Cornell's Commitment to Lowering Humanity's Carbon Footprint
Cornell is already recognized as a leader among Ivy League institutions both for its demonstration of the university campus as a Living Laboratory for developing and pilot testing new energy technology and for its commitment to achieving a carbon neutral campus by 2035. Read more about Cornell’s commitment to sustainability.
In Cornell’s Living Laboratory model, the university and surrounding communities actively contribute research at the frontiers of energy systems and engineering to lower the carbon footprint of the campus.
Lake Source Cooling, Earth Source Heat, Cornell's Hydroelectric Plant, Maplewood Housing Project, and Snyder Road Solar Farm are just a few examples of projects already under development that are essential to our goal of achieving a carbon neutral campus.
Towards the goal of translating Cornell’s successes to advancements at the state, national, and international levels, research in the Cornell Energy Systems Institute focuses on innovations in the materials, devices, and engineered systems required to make low carbon footprint energy technologies cost-effective and reliable. Our work leverages Cornell’s long tradition of excellence in team-based science and engineering research in Centers and aims to build new expertise in translating research innovations to prototypes and prototypes to innovative products for the market. A non-comprehensive list of the centers, institutes and partnerships crucial to the CESI’s work is provided below:
The Atkinson Center fosters cross-discipline collaboration of Cornell faculty to make strides towards a more sustainable future. There are many entrepreneurial opportunities within the Atkinson Center.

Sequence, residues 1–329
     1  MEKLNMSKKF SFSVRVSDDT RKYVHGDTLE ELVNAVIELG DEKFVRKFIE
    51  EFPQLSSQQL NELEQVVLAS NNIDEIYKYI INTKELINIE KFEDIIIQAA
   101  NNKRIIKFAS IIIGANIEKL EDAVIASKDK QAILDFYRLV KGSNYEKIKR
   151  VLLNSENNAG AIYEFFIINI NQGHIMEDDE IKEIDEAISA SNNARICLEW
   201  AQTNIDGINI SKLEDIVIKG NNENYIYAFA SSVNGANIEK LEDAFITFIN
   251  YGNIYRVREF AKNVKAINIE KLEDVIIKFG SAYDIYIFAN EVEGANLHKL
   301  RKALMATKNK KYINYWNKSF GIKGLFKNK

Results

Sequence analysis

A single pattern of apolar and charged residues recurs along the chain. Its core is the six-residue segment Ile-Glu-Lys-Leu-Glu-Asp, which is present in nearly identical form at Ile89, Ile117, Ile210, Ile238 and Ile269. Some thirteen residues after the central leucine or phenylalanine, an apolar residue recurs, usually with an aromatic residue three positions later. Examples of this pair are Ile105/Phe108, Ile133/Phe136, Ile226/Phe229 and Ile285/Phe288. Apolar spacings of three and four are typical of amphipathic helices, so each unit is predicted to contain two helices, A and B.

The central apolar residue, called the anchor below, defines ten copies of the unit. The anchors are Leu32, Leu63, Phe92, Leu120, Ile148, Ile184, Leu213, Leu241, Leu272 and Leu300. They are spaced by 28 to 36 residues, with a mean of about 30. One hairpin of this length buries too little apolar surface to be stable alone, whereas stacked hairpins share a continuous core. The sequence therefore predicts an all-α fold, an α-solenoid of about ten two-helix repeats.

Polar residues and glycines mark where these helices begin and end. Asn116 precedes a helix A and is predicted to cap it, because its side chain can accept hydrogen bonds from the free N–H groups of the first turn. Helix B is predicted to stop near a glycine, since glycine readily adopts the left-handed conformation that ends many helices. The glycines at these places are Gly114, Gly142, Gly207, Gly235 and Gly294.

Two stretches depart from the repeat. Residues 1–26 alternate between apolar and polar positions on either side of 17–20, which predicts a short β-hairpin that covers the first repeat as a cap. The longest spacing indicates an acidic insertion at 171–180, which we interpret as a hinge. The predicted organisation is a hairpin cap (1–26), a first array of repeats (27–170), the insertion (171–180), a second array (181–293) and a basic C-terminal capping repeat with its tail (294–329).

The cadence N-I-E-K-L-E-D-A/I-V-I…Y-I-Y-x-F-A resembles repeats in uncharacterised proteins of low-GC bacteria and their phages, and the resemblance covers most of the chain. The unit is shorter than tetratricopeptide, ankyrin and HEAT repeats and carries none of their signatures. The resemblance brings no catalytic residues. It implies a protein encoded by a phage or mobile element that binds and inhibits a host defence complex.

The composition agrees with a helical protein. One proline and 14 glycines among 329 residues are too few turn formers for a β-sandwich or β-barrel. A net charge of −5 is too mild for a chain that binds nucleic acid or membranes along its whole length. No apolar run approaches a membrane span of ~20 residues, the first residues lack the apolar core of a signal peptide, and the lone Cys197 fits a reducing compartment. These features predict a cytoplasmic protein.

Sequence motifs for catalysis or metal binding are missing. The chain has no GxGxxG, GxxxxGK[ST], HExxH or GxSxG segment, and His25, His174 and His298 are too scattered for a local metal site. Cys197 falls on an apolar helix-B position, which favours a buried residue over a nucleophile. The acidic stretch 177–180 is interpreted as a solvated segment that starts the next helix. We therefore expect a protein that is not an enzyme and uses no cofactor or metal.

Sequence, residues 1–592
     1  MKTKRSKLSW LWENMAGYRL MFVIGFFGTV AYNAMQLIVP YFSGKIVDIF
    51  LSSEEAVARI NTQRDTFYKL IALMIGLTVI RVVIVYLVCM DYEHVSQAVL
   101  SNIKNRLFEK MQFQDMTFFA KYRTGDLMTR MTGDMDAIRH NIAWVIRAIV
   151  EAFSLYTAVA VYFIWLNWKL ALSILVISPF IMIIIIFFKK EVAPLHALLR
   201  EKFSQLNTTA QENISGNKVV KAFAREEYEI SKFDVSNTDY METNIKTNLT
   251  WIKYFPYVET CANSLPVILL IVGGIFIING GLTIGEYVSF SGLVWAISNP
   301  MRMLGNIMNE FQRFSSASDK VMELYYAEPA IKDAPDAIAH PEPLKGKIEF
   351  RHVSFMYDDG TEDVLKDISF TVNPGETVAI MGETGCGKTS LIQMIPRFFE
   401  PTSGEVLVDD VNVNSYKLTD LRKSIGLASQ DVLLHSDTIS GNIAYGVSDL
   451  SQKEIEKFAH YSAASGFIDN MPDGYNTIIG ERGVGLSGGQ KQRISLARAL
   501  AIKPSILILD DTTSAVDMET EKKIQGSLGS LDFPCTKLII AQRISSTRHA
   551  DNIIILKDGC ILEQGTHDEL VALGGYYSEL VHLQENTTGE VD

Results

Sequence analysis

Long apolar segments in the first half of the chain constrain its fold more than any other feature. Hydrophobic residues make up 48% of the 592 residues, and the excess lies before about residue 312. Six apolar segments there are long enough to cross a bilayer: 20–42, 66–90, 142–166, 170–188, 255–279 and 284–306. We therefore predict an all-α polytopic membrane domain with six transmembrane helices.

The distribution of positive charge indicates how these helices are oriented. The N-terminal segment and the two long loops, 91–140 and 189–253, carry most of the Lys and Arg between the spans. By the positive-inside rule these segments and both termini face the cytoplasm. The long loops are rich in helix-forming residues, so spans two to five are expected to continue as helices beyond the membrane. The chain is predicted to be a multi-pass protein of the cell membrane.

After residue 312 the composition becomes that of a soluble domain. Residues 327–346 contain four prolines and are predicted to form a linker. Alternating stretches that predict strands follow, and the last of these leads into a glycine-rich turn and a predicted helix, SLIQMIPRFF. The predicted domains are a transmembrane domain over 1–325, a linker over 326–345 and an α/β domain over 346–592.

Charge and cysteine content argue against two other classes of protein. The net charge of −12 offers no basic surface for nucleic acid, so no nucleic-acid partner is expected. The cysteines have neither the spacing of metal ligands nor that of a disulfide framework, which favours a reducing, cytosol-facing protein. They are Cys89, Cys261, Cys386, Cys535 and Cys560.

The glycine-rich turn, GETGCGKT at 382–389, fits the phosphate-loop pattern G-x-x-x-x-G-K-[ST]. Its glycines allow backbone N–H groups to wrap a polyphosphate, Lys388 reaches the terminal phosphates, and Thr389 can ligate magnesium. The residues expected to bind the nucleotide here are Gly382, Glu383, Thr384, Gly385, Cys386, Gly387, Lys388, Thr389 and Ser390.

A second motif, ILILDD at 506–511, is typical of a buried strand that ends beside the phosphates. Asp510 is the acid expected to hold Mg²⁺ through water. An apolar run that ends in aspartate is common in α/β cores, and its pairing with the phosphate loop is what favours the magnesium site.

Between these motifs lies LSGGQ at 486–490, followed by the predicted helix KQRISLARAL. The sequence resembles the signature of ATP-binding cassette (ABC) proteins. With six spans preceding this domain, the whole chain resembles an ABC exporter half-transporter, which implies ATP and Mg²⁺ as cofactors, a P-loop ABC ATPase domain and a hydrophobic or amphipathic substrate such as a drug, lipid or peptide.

CTECH aims to support a more sustainable form of transportation for both people and goods taking a multidisciplinary approach to address issues.
Read more about CTECH’s place within Cornell’s living laboratory.
ICS, sponsored by NSF, believes that computer scientists can actively contribute to sustainability and allocation of natural resources while advancing computer science.
CCMR incorporates a variety of researchers in conjunction with government and industry with the common goal of examining complex issues in materials research.
CNF is a national user-facility with a strong inter-disciplinary emphasis. Researchers from all faculties on campus are welcome to use their state-of-the-art facilities.
CHESS’s facilities provide a platform for a wide-range of scientific research and is one of only a few 3rd-generation, high-energy, high-flux x-ray synchrotron source’s in the world. Read more about the exciting upgrades taking place at CHESS-U.
An NSF Materials Innovation Platform, PARADIM is a partnership between Cornell and three other universities seeking to create new interface materials with designed properties to potentially transform next generation electronics.
Through research education and outreach, CICSS strives to foster resilience in the areas of agricultural, environmental, and social systems in the midst of climate change.
CREA fosters entrepreneurship and innovation while supporting economic impact in Upstate New York.
Seated in the SC Johnson College of Business, the Center for Sustainable Global Enterprise looks at sustainability issues from a different angle, as business opportunities, and partners with a range of organizations.
The McGovern Center’s aim is to mature partner life-sciences companies, so they might garner outside investments and be self-sustaining and prosperous.